Like every city, Washington DC has its urban legends, tales akin to the creation myths of ancient civilizations that saturate a society to explain some mystery or another. A great example: the abandoned embassies of now expired countries and regimes, and the occupations of the ghosts of their former diplomats and heads of state. The legends of DC, however, somehow take on an even more mystical feel, a feel of deep and secret history and international drama.
Legend has it that many of the taxi drivers in the city of Washington DC are in fact former leaders and diplomats from foreign governments that have sometime in the relatively recent past been exiled, overthrown, suffered a military coup. Perhaps the perpetrators of horrible deeds, perhaps persecuted by some evil military coup-leader, they cannot (or do not want to) return to their home countries. So they drive the cabs of the city – their foreign accents don’t really give them away… not in this town.
See the following story from last week’s paper, about some of the abandoned in DC that are now taking up some of the most valuable real estate in the country.
Once Grand, Now Bedraggled
City Officials and Neighbors Peeved by Abandoned Embassy Properties
By Paul Schwartzman
Washington Post Staff Writer
Sunday, June 8, 2008; A01
The front door to one of Washington’s finer addresses, a four-story townhouse valued at $3.9 million, is padlocked and covered with plywood. The brass-toned plate above the entrance reads: “Embassy of the Republic of Malawi.”
Next door, a barren nine-bedroom residence is assessed at $6 million, even with the bare flagpole out front, the weeds growing in the driveway, the paint-peeled columns and boarded-up windows. The owner: the United Arab Emirates.
Across the street, along a portion of Massachusetts Avenue known as Embassy Row, the grass outside a century-old mansion recently reached hip high, Venetian blinds twist sloppily in a corner window and the front door is missing its doorknob.
The owner, the Pakistani government, moved out in 2004.
Over the past year, the District has fought to eliminate thousands of vacant buildings, sharply raising property taxes to force owners to sell, lease or occupy their real estate. But officials can exert no such pressure on more than a dozen derelict properties that have added a dose of blight to some of Washington’s grandest neighborhoods.
Each of the buildings served as an embassy or diplomatic residence for countries including Liberia and Malaysia, the Philippines and the Republic of Togo. Legally considered foreign soil in almost all cases, the buildings are exempt from property taxes and the fine print of the city’s building code.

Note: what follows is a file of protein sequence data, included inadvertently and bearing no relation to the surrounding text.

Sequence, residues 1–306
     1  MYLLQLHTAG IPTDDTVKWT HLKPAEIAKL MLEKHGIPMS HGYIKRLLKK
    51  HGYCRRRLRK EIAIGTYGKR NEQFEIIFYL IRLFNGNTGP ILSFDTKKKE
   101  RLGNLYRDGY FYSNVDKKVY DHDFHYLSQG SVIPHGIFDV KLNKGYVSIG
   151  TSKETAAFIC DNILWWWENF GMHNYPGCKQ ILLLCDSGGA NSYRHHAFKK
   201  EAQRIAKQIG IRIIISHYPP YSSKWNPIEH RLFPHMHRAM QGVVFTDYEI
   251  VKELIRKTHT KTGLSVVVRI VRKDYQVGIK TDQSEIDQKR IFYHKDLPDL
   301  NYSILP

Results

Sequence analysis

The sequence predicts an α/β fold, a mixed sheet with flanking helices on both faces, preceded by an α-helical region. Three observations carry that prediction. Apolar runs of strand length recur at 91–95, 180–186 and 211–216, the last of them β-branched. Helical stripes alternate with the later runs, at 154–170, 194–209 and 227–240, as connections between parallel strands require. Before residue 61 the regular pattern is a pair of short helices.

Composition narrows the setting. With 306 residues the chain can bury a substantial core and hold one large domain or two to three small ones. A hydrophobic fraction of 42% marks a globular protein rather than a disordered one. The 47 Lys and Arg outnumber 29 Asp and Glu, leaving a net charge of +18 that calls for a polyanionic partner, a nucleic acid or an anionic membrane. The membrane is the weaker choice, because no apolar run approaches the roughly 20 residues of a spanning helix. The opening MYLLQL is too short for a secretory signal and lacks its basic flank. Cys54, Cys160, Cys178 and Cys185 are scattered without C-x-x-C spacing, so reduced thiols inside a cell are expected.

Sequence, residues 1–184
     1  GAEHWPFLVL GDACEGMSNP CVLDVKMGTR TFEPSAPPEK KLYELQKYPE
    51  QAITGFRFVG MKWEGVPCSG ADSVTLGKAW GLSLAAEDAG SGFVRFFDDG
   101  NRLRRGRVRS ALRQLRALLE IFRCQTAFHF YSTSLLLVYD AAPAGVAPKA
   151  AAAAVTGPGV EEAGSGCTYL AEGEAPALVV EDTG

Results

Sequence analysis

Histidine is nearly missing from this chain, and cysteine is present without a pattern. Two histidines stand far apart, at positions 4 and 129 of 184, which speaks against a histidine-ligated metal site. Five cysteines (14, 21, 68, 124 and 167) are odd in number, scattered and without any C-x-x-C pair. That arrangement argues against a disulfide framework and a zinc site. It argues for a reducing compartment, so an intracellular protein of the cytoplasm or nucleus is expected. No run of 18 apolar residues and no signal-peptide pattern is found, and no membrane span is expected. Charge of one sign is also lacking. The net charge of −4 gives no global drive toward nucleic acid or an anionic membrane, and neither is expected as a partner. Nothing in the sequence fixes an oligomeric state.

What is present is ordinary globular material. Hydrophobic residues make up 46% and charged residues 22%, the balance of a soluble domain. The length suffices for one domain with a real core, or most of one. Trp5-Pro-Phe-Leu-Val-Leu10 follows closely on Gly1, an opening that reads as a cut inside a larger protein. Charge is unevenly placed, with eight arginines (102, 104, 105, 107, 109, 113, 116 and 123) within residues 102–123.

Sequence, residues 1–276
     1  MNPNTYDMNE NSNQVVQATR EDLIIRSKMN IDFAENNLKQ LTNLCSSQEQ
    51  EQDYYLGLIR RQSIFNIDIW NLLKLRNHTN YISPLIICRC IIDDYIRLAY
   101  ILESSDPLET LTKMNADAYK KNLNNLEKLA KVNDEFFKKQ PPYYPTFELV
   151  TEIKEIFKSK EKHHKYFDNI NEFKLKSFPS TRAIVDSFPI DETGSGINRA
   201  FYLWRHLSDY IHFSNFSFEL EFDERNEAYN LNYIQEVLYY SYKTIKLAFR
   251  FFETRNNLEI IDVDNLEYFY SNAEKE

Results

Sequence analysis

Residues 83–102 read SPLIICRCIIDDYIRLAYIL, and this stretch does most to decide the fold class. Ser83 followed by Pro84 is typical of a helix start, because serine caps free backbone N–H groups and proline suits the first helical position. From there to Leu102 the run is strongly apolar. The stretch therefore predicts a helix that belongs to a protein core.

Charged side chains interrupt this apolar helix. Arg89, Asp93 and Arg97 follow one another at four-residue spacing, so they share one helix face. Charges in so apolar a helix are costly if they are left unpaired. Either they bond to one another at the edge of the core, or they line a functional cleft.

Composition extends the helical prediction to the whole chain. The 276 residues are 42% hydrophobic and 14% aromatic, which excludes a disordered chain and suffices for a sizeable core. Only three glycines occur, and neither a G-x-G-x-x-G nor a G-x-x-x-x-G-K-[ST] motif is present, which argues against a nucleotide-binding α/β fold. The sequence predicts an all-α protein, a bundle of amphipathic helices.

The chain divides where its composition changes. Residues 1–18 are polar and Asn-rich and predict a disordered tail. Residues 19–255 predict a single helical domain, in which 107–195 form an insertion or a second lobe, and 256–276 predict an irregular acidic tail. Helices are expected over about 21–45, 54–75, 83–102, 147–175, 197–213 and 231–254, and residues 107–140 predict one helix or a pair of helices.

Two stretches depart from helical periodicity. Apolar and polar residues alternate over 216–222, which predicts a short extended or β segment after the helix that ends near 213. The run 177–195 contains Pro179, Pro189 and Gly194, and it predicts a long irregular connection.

In some cases, the properties are vacant because the countries have decamped to more palatial confines in the diplomatic enclave off Van Ness Street. In others, the disrepair is a sign of trouble back home as the countries struggle to finance renovations.
Then there’s the empty brick house on Quincy Street NW, the one with the dead leaves piled at the front door, the ungainly forest consuming the back yard and the collapsed remnants of what was once a garage roof.
Neighborhood children refer to it as the “haunted house.”
Property records show the owner as the Embassy of the Socialist Federal Republic of Yugoslavia.
Yugoslavia was dissolved in 1991.
In 2006, the republic’s diplomatic properties were divided among the six succeeding countries. Although the house was turned over to Bosnia, at least preliminarily, the deed was never transferred, said Svetozar Miletic, minister counselor at the Embassy of Bosnia and Herzegovina.
“I don’t have the key,” Miletic said, “and trust me, I don’t know who has the key.”
Last month, the D.C. Preservation League issued its annual list of endangered properties. The Democratic Republic of the Congo’s ramshackle former embassy earned a spot. With its peeling paint, rotting windows and ever-weakening roof, the mansion is “a classic example of demolition by neglect,” the league wrote. Neighbors have complained about squatters.
Rob Halligan, a Dupont Circle activist, has written letters and attended meetings about the property, all of which, he said, has yielded one obvious improvement: a board over a second-floor window. “This building is just going to crumble,” he said.
Pakistan’s old embassy on Massachusetts Avenue has been vacant for four years, along with its former diplomatic offices on R Street NW, where the intercom dangles by a wire in the marbled vestibule and crumpled newspapers are piled up, one dated Aug. 26, 2006. On a recent day, a bottle of Harvey’s Bristol Cream stood in the corner.
“Isn’t that unbelievable?” asked John Sukenik of Kalorama, gazing at heaps of torn shrubbery in the courtyard. “It’s unsightly and disrespectful to the neighborhood.”
The former Yugoslavia is listed as the owner of a deserted mansion two doors away. Just off the far corner, next to Bulgaria’s embassy and across from Brazil’s, Argentina owns a townhouse that a neighbor said has been unoccupied for years.
Raymond Saba, who owns an inn across from the Yugoslavian property, said he takes it upon himself to trim the hedges and water the flowers, if only to brighten the view from his entrance. “You’d like the street to be lit at night,” he said. “You’d like to come out in the morning and say hello. But it’s dark. You look at the buildings, and they’re falling down.”
The owners have their reasons.